Ticketmaster’s data breach - what to do next

Ticket firm’s website breached by malware on a third-party service

The full extent of the breach involving Ticketmaster user data is as yet unclear, but this doesn’t mean you shouldn’t act. Photograph: iStock

The full extent of the breach involving Ticketmaster user data is as yet unclear, but this doesn’t mean you shouldn’t act. Photograph: iStock


Another week, another data breach. This time, it’s Ticketmaster’s turn.

What has happened?

Strictly speaking, it wasn’t Ticketmaster that was the target, but one of its suppliers. The company said malicious software had infected a customer support product hosted by Ibenta Technologies, which runs on Ticketmaster’s websites. Ibenta is an external third party supplier to the ticketing giant, offering products such as chatbots, knowledge management and case management such as queries that come in over email or social media.

The malware had been capturing data and passing it on to an as-yet unknown third party.

What kind of data did it get?

The full extent of the breach is unclear, but Ticketmaster said data at risk included personal and payment information. That means everything from your email address and phone number to your card information could have been compromised. Your Ticketmaster log-in details could also have been taken.

So it’s time to get changing your passwords. Again.

What did Ticketmaster do to fix this?

As soon as the malware was detected, Ticketmaster disabled the Ibenta product across all its websites. It is now in the process of contacting customers and offering them a free 12-month identity monitoring service, to keep track of any potential threats and give advice on how to rectify anything worrying that pops up. Some offer an insurance policy that will cover any monetary losses suffered as a result of identity theft. However, you must supply them with the personal details that could be at risk - which means trusting yet another company with your information.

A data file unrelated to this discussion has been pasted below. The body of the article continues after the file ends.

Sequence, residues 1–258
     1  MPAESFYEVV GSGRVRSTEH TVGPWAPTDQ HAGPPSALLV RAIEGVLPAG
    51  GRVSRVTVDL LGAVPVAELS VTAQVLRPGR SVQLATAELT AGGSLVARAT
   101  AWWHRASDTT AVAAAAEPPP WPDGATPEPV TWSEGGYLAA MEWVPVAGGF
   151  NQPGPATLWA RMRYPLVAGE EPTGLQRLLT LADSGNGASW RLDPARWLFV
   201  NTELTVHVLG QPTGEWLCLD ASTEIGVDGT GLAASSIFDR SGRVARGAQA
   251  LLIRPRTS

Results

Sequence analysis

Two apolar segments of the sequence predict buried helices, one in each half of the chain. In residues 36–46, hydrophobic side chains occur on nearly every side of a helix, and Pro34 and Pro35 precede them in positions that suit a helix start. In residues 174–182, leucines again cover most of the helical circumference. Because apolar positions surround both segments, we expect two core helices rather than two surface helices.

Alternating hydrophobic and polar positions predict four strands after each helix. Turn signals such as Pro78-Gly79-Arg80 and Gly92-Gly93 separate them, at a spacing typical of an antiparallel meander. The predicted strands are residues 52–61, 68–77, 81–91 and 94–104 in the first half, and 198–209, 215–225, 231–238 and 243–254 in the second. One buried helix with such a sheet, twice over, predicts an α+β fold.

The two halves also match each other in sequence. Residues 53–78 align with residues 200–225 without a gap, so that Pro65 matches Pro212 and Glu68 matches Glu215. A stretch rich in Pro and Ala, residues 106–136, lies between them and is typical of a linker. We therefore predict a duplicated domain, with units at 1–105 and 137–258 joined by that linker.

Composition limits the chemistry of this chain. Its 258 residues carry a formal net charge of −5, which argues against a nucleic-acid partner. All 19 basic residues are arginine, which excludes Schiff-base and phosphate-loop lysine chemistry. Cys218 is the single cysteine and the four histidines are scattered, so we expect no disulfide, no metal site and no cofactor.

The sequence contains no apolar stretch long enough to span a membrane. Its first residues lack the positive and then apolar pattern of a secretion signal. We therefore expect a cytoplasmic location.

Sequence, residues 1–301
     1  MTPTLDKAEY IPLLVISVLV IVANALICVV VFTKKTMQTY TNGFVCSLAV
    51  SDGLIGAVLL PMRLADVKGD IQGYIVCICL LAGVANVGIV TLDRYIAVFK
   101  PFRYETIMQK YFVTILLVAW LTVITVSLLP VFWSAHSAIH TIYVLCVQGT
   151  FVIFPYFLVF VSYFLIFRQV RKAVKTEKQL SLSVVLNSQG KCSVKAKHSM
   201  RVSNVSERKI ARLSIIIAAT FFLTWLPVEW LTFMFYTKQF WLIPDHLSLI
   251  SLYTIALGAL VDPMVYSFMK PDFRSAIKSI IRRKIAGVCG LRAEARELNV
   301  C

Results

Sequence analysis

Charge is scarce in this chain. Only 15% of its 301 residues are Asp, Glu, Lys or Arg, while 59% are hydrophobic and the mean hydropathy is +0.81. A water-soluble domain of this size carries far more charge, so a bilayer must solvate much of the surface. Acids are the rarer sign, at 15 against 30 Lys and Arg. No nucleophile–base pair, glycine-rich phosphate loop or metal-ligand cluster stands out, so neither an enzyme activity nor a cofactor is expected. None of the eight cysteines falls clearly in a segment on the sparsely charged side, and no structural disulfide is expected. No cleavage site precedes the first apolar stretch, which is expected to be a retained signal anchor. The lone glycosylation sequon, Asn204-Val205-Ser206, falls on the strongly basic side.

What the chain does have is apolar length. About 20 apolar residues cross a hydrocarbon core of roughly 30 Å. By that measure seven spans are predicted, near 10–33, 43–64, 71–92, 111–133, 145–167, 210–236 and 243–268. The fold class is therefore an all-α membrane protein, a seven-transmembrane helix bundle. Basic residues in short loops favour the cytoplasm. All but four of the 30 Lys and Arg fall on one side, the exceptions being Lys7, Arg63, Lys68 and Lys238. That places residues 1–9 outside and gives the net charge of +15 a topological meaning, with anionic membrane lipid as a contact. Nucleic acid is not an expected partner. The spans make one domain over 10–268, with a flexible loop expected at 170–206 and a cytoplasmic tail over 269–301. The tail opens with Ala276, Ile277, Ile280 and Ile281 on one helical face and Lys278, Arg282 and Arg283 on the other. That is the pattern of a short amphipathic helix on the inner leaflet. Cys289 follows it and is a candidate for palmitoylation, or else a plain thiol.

How do I know if I’m affected?

Check your email; if your details were at risk, Ticketmaster will have made contact with you. The focus is mainly on international customers who either bought or attempted to buy tickets between September 2017 and June 23rd, and customers who did the same between February and June 23rd.

What do I need to do?

First things first, change your Ticketmaster password, just to be safe. Keep an eye on your bank account statements to monitor for any suspicious activity. If you spot anything that looks like it wasn’t a transaction you made, get in touch with your bank.

Anything else?

Do you use the same log-in details anywhere else? If so, you need to change your password there too.

Consider using a password manager such as Dashlane or LastPass. For more tips on keeping your online accounts safe, check out our “How To” on protecting your account passwords.